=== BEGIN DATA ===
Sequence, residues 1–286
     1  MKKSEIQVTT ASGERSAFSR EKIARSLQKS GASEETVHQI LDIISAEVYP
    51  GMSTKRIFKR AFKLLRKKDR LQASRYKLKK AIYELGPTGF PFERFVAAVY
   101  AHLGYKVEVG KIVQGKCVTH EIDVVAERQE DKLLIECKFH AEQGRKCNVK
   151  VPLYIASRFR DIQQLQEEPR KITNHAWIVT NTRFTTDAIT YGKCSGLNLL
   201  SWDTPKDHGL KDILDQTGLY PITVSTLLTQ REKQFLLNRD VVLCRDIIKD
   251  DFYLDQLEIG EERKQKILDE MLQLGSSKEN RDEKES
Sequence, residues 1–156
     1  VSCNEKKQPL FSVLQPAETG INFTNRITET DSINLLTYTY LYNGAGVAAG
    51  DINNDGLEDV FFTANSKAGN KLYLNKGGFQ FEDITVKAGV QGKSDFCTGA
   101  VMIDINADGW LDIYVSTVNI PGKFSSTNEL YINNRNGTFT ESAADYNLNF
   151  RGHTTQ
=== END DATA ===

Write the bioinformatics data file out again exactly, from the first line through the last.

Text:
Sequence, residues 1–286
     1  MKKSEIQVTT ASGERSAFSR EKIARSLQKS GASEETVHQI LDIISAEVYP
    51  GMSTKRIFKR AFKLLRKKDR LQASRYKLKK AIYELGPTGF PFERFVAAVY
   101  AHLGYKVEVG KIVQGKCVTH EIDVVAERQE DKLLIECKFH AEQGRKCNVK
   151  VPLYIASRFR DIQQLQEEPR KITNHAWIVT NTRFTTDAIT YGKCSGLNLL
   201  SWDTPKDHGL KDILDQTGLY PITVSTLLTQ REKQFLLNRD VVLCRDIIKD
   251  DFYLDQLEIG EERKQKILDE MLQLGSSKEN RDEKES
Sequence, residues 1–156
     1  VSCNEKKQPL FSVLQPAETG INFTNRITET DSINLLTYTY LYNGAGVAAG
    51  DINNDGLEDV FFTANSKAGN KLYLNKGGFQ FEDITVKAGV QGKSDFCTGA
   101  VMIDINADGW LDIYVSTVNI PGKFSSTNEL YINNRNGTFT ESAADYNLNF
   151  RGHTTQ